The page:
Speaker of the House Paul Ryan hinted Wednesday that the first major overhaul of the U.S. tax code in nearly 30 years will likely get pushed back once again, this time moving the timetable from late summer to sometime in 2017.
Reforming the U.S. tax was one of the primary legislative promises made by President Donald Trump during his 2016 bid for the White House, along with upending former President Barack Obama’s landmark health care bill.
“This will be done in 2017, that is our time line, we would like to get it done as soon as possible,” the speaker told reporters Wednesday during a visit to London. “As soon as possible for us is by the end of summer but we’re going to take our time to get it right. We can clearly get this done by the end of summer but if it needs to go a little longer, we’ll do that.”
Health care reform is the primary focus for the Trump administration, and, as a result, tax reform has taken a backseat. Continued failures by Trump and Republican leadership in Congress to put forth an Obamacare repeal bill that conservative and moderate-Republicans can get behind have delayed progress on many other fronts, like financial, regulatory and tax reform. Democrats also remain in unanimous opposition to any form of repeal and replace at this point, so the road ahead appears tumultuous at best.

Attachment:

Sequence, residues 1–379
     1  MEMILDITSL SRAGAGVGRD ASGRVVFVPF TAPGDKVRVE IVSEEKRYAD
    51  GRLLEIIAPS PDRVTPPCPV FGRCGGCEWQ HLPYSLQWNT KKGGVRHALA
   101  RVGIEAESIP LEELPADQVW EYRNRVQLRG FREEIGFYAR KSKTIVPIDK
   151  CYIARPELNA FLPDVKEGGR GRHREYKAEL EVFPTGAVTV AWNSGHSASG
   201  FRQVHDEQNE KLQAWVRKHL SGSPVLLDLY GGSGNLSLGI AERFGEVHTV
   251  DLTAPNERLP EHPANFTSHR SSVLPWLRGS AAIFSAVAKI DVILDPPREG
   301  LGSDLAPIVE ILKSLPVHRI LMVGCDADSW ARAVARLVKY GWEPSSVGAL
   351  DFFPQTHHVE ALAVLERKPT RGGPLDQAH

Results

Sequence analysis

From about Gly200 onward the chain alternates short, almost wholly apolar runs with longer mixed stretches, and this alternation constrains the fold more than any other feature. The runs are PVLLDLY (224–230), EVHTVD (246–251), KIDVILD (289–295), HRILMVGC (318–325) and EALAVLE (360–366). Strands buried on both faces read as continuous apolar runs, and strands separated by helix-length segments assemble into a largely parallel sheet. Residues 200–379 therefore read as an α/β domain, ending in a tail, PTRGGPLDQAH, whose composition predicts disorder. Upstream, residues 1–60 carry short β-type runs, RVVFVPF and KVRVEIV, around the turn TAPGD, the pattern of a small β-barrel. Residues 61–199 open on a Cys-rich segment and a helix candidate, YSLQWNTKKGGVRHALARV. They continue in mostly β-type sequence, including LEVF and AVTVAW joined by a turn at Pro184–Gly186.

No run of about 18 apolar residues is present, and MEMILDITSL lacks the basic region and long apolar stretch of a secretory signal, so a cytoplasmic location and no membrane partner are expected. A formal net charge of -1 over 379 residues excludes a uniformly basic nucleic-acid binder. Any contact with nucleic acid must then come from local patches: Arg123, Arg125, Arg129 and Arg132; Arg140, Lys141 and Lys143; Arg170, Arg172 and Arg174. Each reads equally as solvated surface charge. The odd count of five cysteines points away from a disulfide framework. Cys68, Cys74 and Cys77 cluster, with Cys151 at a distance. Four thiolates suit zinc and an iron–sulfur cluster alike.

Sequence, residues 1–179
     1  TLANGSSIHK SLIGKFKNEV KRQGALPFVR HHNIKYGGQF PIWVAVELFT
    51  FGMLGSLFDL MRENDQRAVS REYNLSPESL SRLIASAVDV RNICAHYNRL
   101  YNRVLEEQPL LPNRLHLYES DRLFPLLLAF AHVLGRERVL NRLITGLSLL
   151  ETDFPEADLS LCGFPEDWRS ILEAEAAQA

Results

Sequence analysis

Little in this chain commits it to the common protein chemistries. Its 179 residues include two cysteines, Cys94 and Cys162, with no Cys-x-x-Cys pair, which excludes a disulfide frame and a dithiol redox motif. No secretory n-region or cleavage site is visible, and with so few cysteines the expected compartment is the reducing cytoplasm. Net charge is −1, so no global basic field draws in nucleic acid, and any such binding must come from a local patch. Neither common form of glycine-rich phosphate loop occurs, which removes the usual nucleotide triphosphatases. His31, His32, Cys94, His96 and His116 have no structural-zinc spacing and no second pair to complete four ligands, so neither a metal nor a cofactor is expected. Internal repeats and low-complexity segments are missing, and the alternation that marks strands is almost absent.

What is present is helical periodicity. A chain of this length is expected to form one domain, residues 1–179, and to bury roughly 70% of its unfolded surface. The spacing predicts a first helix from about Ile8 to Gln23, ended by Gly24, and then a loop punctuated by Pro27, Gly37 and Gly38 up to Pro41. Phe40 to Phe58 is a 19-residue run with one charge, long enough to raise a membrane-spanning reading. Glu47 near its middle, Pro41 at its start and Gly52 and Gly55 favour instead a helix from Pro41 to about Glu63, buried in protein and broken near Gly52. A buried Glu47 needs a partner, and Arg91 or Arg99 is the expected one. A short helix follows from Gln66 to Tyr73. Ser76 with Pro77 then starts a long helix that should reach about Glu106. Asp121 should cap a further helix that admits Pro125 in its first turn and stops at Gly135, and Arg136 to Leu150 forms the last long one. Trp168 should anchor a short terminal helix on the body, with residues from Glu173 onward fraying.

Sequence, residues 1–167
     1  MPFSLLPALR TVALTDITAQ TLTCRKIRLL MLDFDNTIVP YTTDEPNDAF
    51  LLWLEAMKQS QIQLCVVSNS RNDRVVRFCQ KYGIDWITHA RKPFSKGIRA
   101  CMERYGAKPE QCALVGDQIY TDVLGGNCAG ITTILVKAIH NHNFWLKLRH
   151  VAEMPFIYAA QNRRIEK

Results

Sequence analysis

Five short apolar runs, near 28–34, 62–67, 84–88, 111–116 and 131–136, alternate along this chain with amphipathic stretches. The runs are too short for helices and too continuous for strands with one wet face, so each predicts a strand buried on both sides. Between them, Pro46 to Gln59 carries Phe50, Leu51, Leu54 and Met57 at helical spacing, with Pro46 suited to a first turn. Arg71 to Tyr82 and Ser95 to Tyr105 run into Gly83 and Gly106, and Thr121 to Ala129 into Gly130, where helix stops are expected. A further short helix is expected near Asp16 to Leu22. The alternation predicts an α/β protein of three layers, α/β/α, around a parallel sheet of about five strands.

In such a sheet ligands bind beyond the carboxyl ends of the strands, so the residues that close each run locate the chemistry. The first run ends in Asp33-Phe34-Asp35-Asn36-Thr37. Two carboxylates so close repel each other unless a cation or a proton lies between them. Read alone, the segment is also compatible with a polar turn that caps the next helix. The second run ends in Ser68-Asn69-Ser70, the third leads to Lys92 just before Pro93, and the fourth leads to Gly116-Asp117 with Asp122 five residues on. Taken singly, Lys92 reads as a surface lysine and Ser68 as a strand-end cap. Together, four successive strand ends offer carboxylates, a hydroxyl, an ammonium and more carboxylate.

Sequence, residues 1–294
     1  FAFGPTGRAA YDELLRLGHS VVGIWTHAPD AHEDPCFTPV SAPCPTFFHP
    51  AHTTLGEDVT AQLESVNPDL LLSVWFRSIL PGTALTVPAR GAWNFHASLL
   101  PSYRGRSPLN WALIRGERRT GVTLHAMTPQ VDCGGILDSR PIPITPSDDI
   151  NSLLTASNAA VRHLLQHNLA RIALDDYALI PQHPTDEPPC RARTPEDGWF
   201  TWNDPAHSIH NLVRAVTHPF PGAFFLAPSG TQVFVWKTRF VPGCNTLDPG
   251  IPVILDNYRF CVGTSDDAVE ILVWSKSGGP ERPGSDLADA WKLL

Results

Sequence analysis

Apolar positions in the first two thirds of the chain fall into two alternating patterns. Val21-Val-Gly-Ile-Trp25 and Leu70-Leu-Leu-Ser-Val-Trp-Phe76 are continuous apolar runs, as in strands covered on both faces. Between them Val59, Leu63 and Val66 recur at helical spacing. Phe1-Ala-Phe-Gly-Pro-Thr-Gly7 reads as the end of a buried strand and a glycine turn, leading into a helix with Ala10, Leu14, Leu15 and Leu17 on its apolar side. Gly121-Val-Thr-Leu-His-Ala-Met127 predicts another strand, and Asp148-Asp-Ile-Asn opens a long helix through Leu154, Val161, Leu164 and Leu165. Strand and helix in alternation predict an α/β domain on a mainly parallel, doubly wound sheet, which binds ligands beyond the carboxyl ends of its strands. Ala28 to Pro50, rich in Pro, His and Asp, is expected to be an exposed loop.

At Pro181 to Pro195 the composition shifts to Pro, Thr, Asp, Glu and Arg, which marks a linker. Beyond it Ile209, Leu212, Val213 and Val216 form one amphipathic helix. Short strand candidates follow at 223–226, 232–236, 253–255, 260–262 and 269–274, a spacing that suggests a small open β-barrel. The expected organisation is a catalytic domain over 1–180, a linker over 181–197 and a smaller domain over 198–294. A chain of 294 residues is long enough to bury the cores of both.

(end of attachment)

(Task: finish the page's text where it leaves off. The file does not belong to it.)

Following the humiliating defeat of the American Health Care Act (AHCA) in March, it looked like the president might be willing to move onto tax reform in order to get a major bill through Congress in his first 100 days in office. “I would say that we will probably start going very, very strongly for the big tax cuts and tax reform. That will be next,” the president told reporters in late-March after the bill failed.
The president changed his tune again a few weeks later, telling Fox Business’ host Maria Bartiromo on April 12 that: “We’re going to have a phenomenal tax reform (plan), but I have to do healthcare first. I want to do it first to really do it right.”
Ryan’s platform includes some rather contentious features that will undoubtedly cause some tumult among some conservative-Republicans and Democrats in Congress. Namely, his push for a Border Tax Adjustment, which effectively levies a 20 percent import tax on imported goods. Conservatives have voiced their concerns about the tax, along with their Democratic colleagues, arguing the tax would do nothing but raise prices on American consumers and leave some U.S. companies that rely on foreign labor at a comparative disadvantage.
Treasury Secretary Steven Mnuchin has repeatedly promised that tax reform would not come before the end of August, echoing Ryan’s statements Wednesday.
Lawmakers get back from their two-week recess on April 27, no major moves on health care or tax reform or expected until that point.
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